This week, Dynamic Yield announced a new personalization feature to it’s “automated real-time customization engine.” It’s a mouthful, but it could mean new things for your homepage.
Using automated A/B testing, the software helps your website offer a super personalized experience for a user based on their habits and clicks on past visits. CEO and co-founder Liad Agmon says that it helps editors solve the problem of deciding what they want users to see (like Vox’s vegetables) and what users usually click on.
Homepages shouldn’t be generic, because the user that comes to a site via a shared link on Facebook is very different from the one who arrives at the homepage through the url, he notes. Why shouldn’t you cater to them? If you know that one user reads long features, but another is just watching your video content, you can also adjust paywalls to be more fair and more attractive to users.
It’s a little like Netflix. Agmon agrees that much of Netlfix’s success comes from all the data they can garner about what users want. There’s no reason that model can’t apply to news. In addition to giving readers what they are more likely read, it also plays devil’s advocate in the native advertising department. The whole point of native is to make it fit into your brand as seamlessly as possible. With Dynamic Yield’s software, you could potentially go to another level — not only does it work with the brand, but you’re also showing the type of advertising content that the reader is going to pay attention to, and then stick around on your site.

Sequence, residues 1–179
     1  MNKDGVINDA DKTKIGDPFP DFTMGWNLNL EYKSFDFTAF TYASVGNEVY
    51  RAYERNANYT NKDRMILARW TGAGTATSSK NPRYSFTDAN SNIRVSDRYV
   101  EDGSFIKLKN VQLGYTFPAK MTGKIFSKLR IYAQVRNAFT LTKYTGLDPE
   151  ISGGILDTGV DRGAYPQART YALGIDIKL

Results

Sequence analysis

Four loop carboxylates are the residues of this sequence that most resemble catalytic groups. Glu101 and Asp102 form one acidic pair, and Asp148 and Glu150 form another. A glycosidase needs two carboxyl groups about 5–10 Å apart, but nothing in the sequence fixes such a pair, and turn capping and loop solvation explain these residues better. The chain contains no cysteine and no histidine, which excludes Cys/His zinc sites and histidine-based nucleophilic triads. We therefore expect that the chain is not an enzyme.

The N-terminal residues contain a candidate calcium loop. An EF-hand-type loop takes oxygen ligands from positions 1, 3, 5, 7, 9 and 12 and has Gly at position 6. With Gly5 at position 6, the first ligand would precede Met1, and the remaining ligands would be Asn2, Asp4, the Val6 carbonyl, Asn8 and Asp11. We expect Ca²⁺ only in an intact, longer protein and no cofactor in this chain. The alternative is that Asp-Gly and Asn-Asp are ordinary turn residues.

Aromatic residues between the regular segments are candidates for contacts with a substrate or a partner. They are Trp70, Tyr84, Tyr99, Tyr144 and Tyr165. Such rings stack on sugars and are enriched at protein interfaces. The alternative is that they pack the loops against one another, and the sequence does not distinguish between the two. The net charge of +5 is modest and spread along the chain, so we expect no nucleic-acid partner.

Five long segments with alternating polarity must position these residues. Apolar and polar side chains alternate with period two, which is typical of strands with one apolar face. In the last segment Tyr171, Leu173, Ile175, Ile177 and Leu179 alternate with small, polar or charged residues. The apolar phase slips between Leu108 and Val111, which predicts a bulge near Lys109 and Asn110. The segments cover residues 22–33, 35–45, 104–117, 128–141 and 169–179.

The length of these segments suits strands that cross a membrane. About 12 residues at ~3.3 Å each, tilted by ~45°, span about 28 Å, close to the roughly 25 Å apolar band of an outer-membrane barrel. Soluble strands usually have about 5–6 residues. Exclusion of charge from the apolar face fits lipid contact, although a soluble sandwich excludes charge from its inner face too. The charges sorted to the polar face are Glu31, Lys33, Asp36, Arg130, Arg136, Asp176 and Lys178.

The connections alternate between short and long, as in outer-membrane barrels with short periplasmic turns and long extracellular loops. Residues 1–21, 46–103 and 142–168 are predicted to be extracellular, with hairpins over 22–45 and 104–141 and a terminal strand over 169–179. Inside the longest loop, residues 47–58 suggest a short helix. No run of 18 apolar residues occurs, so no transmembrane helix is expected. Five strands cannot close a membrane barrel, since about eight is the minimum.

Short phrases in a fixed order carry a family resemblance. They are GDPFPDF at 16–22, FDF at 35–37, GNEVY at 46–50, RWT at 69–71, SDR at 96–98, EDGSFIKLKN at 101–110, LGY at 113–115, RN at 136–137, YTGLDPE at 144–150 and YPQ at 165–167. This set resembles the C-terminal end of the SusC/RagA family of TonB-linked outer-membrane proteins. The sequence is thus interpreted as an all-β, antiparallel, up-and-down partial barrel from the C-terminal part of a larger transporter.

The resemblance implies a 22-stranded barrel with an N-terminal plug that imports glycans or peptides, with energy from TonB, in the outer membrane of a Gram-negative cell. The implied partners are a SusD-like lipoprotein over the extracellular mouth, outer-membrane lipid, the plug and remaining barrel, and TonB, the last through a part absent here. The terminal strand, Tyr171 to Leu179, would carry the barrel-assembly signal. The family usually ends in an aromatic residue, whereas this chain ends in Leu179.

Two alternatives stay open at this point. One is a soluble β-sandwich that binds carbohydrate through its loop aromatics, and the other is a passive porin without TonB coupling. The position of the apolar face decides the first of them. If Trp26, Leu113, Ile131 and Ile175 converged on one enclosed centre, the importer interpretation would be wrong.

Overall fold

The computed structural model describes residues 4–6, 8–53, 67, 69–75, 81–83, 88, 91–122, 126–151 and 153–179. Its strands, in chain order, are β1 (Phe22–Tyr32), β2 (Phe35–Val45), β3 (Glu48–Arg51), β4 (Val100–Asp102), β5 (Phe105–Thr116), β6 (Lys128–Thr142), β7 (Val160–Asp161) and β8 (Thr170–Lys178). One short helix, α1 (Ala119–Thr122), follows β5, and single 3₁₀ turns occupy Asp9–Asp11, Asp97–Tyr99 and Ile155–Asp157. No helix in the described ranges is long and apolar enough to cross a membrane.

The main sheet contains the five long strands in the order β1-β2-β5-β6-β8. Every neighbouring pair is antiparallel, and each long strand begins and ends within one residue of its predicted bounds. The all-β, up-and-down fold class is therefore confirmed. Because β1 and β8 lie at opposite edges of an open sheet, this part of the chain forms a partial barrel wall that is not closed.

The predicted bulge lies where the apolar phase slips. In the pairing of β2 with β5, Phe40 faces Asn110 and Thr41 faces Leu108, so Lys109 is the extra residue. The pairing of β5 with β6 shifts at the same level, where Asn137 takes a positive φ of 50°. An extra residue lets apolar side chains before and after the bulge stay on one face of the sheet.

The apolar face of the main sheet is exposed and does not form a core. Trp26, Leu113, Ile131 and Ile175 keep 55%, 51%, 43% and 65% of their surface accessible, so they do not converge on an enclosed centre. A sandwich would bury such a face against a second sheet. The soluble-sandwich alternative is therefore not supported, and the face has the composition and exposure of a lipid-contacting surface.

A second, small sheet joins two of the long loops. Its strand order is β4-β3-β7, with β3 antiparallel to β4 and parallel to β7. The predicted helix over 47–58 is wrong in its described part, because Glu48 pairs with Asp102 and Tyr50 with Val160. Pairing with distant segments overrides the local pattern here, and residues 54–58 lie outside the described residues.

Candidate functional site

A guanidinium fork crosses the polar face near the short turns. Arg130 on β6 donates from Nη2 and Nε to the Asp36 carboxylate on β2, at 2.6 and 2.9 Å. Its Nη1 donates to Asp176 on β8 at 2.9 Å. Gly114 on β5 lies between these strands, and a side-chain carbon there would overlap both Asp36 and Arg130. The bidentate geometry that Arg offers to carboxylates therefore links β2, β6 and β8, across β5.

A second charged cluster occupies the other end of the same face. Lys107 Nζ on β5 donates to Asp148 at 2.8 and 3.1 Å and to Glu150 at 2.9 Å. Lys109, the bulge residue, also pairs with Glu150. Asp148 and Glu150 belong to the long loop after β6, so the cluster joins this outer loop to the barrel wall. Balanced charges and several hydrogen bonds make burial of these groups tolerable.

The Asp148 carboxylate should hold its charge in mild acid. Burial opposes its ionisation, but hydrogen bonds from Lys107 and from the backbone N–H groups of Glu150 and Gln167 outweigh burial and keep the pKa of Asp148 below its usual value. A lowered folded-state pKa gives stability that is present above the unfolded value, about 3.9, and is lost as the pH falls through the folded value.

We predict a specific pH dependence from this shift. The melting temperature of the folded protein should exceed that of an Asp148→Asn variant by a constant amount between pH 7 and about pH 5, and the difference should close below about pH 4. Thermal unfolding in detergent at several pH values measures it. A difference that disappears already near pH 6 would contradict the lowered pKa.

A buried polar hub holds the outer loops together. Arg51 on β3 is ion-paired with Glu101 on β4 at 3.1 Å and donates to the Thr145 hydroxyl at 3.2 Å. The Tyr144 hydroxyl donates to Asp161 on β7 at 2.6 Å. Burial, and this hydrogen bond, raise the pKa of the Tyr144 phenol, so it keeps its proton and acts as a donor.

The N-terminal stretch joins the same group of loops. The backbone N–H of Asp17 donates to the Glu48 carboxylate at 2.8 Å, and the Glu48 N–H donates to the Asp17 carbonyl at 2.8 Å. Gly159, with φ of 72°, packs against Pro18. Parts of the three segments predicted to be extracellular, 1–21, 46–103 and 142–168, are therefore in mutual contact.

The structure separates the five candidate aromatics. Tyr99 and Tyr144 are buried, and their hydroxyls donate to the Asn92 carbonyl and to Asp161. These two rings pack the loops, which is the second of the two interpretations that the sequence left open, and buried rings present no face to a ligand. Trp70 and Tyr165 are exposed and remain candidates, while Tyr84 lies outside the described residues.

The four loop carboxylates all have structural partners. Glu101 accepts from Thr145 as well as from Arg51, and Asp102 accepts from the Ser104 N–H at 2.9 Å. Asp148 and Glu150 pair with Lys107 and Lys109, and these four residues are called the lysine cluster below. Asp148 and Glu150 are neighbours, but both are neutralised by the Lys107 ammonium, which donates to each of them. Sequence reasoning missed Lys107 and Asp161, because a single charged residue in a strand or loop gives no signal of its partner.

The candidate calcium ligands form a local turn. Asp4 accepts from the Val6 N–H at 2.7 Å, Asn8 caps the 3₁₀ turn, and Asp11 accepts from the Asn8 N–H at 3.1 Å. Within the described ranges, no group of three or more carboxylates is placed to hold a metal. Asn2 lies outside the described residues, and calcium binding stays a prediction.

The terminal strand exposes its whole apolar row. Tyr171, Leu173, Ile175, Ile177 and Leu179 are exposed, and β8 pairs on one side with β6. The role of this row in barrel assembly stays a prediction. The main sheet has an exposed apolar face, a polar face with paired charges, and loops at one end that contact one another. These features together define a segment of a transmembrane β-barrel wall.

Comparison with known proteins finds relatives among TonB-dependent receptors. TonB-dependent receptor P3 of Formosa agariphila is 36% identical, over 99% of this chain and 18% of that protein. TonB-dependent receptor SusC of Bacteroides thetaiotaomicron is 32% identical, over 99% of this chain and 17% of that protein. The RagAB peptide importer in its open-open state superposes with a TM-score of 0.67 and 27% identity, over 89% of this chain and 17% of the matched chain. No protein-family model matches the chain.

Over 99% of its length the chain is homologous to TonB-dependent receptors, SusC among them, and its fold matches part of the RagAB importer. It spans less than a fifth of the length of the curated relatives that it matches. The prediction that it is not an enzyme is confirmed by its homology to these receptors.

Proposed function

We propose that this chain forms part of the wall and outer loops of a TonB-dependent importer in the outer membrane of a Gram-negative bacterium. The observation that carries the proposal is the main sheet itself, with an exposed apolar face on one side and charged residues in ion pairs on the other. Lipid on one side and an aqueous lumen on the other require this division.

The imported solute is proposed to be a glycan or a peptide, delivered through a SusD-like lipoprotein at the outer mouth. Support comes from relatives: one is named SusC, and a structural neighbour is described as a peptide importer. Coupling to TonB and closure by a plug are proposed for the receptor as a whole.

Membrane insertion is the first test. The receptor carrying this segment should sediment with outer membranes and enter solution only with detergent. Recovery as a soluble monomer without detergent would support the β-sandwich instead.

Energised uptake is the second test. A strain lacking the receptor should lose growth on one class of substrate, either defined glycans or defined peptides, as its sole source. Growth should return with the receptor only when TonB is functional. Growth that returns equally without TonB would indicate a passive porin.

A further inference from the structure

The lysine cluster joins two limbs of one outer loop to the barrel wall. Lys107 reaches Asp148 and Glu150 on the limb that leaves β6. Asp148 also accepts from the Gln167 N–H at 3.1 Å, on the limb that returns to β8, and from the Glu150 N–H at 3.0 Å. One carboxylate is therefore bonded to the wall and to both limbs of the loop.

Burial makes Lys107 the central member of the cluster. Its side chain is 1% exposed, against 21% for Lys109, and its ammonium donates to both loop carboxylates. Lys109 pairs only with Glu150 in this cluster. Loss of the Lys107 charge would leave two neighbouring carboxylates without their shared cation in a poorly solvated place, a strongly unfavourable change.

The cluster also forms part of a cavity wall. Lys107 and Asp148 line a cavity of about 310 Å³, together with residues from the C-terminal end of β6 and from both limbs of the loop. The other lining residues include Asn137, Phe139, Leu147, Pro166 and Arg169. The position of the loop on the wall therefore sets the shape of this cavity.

In addition to just curating the homepage, news sites have archives of content that can be “recycled,” according to Agmon. So the photo essay from a summer 2013 travel essay can turn up again, engaging and building that relationship with a certain type of reader.